One possible difference in interpretation between us. It seems to me that Evans endorsed Sand Creek in his apology. That is, he said the settlers were so threatened by indians that they had to take action, i.e. the action was just. Thank you for the wonderful, sad quotes from the Northwestern Christian Advocate and the Central Christian Advocate (even the name speaks to the genocidal bias of "Christians" at the time). But you seem to indicate that in some writings he actually qualified this - that they committed "excesses" in a long conflict where they were basically "in the right." I would very much like to see that quote in its setting.

But as to the core apology for Chivington (and himself) - never saying Sand Creek was wrong, wanting to exterminate the indigenous people and drive them out - that was where Evans was at.

All the best,
Alan"

****

"Dear Alan,

I suspect that you are right that we are much closer that might at first appear. I'm anxious to probe the matter of racism as context for understanding the process that unfolded in Colorado. Peter Silver, in his OUR SAVAGE NEIGHBORS: HOW INDIAN WAR TRANSFORMED EARLY AMERICA, argues that the modern definitions of racism were not generally embraced until the 19th century and the appearance of "scientific racism." Before, the systematic justifications of racism that was introduced, he suggests that the Seven Years War created a contagion of fear, which "entrenched itself in political argument and became a vital means of forming public coalitions." This led to a rhetoric of victimization and horror that created what Silver calls "the anti-Indian sublime." The Indian as savage and threat was the product of this new literature which grew over time to become a staple in explanations of conflict between Europeans and indigenous peoples. I am not doing justice to Silver, but by extension, by the time of the Colorado gold rush, "the anti-Indian sublime" was entrenched, and settlers expected the worst from natives. The conflict that followed, whatever its true causes, confirmed the self-fulfilling prophecy of "savage" war.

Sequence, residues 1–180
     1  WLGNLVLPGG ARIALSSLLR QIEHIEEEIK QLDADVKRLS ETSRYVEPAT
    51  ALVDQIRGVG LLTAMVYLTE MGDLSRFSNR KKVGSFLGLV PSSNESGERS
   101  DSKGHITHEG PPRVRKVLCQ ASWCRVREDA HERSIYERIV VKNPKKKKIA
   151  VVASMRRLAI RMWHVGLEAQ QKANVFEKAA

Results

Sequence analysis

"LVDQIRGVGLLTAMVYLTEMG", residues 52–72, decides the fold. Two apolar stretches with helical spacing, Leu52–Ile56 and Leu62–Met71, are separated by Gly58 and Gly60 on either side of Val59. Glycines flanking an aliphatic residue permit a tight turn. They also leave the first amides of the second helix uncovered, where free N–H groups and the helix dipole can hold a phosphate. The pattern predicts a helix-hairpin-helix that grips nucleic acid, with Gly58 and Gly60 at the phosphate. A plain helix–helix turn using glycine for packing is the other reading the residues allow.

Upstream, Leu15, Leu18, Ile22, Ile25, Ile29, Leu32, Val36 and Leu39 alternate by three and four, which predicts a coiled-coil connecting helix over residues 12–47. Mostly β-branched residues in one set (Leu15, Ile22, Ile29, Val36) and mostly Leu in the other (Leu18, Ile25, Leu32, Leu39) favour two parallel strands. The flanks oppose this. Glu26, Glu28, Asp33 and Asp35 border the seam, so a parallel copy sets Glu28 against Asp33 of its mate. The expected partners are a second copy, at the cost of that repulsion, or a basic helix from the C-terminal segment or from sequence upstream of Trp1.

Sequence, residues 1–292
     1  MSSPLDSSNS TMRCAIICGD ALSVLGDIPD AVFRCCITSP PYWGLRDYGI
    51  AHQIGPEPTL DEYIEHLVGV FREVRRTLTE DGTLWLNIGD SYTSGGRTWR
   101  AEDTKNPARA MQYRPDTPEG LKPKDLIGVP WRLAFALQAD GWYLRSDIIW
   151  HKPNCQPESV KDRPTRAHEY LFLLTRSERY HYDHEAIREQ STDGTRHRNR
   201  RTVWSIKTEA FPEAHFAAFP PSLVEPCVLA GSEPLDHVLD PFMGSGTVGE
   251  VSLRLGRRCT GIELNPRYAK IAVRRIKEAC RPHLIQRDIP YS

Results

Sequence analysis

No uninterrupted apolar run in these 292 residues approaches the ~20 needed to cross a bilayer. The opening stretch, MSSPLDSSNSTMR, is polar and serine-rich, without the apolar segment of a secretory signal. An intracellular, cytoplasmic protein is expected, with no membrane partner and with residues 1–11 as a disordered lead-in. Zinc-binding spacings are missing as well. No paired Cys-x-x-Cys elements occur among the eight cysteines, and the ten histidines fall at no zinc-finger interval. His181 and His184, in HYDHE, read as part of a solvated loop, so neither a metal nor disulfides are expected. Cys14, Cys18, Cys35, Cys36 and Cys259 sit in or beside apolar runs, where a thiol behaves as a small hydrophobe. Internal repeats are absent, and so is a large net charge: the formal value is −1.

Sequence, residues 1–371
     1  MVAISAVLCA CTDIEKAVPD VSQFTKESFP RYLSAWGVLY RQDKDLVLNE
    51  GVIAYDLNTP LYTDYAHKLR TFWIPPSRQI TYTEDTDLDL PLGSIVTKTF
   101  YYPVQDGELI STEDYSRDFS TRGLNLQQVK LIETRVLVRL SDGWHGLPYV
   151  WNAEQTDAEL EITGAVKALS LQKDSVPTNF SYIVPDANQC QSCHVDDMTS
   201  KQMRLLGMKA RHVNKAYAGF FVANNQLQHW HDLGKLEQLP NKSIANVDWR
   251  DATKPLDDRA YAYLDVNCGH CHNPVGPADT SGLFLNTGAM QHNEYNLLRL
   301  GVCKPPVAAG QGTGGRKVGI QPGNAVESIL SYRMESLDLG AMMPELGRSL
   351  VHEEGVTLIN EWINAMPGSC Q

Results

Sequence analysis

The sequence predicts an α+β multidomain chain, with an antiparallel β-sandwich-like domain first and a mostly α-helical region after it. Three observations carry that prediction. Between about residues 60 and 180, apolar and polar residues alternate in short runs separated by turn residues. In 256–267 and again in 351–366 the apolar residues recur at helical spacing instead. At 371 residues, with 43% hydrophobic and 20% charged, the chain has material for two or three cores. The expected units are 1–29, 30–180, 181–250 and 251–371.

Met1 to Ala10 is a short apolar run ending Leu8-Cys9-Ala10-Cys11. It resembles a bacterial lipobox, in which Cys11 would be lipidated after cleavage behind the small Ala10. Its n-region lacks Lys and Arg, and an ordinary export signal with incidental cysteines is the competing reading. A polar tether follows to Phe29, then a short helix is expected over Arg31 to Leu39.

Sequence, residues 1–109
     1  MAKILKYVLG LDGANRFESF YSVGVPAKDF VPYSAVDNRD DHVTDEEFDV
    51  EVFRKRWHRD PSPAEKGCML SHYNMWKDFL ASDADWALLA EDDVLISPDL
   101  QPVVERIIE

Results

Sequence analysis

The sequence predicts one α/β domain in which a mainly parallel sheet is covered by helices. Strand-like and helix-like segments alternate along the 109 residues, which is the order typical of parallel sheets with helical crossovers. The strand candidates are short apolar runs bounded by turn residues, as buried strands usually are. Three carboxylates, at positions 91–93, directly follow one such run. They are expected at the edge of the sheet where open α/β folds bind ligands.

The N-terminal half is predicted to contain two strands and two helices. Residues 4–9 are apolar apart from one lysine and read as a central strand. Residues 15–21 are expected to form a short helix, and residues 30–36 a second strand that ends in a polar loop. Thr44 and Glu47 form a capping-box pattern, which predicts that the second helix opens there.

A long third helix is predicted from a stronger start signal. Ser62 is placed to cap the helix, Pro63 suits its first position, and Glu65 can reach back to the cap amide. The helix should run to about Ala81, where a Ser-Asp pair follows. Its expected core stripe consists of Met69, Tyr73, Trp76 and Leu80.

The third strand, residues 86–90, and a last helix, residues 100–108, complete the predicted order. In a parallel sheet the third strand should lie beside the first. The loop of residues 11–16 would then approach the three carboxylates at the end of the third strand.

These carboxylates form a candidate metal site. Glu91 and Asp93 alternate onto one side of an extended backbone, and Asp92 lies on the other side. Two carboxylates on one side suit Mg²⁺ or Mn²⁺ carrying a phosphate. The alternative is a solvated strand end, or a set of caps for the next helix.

Of course, this is far too simplistic. I don't present it as a full or even satisfying explanation, but I do believe it helps us to understand how people who thought of themselves as decent, honest--and honorable--citizens could perpetrate such monstrous acts. The rationale almost amounted to an expectation. Consider this passage from Bryant's book, published, remember, in 1863:

“On the one hand stood the white race in the command of God, armed with his law; on the other, the savage, resisting the execution of that law. The result could not be evaded by any human device. God’s law will ever triumph, even through the imperfect instrumentality of human agency [sic]. In the case before us, the Indian races were in wrongful possession of a continent required by the superior right of the white race."